Ground-Ivy, sometimes also known here as Saint John’s Belt, was a plant more commonly employed in the fight against bronchial disorders at which some healers swore that it was without equal. A length of the plant was crushed and boiled in water which was then left to infuse for a further third of an hour and usually sweetened with a little honey. A few bowls of this concoction was taken three times a day before meals as an effective treatment. When boiled in milk and drunk before going to bed, the plant was believed to alleviate coughs and asthma. A compound of crushed leaves and lard was applied as an ointment to treat burns, while an amulet containing the same mixture was often given to children to wear in the belief that it protected them against night terrors.


In Brittany, Houseleek was once attributed marvellous qualities; Breton households traditionally cultivated one or two plants on the lower parts of their roof to preserve their homes against lightning strikes and to warn against the approach of a witch as the plant was said to immediately wither whenever a witch entered the house. Folk healers most popularly applied the plant’s juice directly into the ear to treat infection and severe earaches but the fleshy leaves were also peeled and applied directly to cuts and burns and even crushed to form a poultice used in the treatment of corns and eczema.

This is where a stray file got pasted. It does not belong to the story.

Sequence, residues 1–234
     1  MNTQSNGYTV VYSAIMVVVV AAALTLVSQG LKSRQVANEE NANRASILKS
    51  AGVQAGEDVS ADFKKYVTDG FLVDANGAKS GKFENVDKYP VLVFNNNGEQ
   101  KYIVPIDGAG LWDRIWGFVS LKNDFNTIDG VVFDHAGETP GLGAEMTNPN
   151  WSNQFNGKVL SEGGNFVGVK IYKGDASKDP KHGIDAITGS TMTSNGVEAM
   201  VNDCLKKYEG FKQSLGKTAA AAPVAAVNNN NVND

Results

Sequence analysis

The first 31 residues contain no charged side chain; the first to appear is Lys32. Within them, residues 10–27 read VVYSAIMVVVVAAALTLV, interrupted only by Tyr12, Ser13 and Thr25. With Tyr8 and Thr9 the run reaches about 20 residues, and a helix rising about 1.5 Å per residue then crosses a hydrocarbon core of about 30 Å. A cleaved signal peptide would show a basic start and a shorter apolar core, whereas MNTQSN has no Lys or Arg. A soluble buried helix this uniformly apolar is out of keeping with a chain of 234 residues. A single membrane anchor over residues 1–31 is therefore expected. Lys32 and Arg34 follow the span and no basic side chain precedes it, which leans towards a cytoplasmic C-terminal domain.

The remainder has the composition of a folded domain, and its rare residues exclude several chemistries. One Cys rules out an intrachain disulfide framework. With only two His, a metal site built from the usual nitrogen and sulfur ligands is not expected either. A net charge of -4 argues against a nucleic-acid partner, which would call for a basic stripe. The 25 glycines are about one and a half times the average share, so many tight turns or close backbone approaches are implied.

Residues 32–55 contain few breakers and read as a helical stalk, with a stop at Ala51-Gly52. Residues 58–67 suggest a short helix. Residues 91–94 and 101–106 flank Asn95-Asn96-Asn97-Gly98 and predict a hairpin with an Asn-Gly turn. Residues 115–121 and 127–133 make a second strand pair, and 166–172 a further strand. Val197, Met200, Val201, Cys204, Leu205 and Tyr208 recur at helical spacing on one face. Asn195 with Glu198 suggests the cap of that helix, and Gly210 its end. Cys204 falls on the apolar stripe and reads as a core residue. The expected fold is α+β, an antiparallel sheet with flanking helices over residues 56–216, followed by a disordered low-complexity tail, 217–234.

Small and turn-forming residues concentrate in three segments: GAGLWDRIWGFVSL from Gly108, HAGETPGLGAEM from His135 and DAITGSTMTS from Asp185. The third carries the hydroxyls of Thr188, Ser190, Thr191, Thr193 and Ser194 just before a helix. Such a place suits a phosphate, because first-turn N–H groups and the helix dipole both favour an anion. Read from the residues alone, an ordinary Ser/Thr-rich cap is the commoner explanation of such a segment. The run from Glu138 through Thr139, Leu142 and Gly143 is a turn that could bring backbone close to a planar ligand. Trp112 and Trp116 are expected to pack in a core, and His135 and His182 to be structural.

Mugwort is another plant that was sometimes known as Saint John’s Plant and was popularly regarded as a magical herb in the late Middle Ages; it was believed that, if gathered on the eve of Saint John’s Day, the plant provided protection against disease, evil spirits, poisons and all misfortunes arising from fire and water. In the region’s traditional healing remedies, the plant’s flowering stems were used to treat menstrual difficulties and to strengthen the digestive system. Some healers advocated its consumption, before breakfast, after it had been macerated in white wine for eight days while others recommended that it be infused in water for thirty minutes and taken as a decoction three times a day between meals.


The herb Sage is another plant whose effectiveness has been attested to since the days of Ancient Rome. In Brittany, its use was recommended in all manner of treatments for curing various ailments in animals and humans, even rabies. Infusions prepared from the plant’s leaves were taken to aid menstruation and to treat abdominal bloating and diarrhoea; used as a mouthwash, the same concoction was used to combat toothache and bleeding gums. Applied topically, the plant was used as a remedy against skin irritations and minor injuries.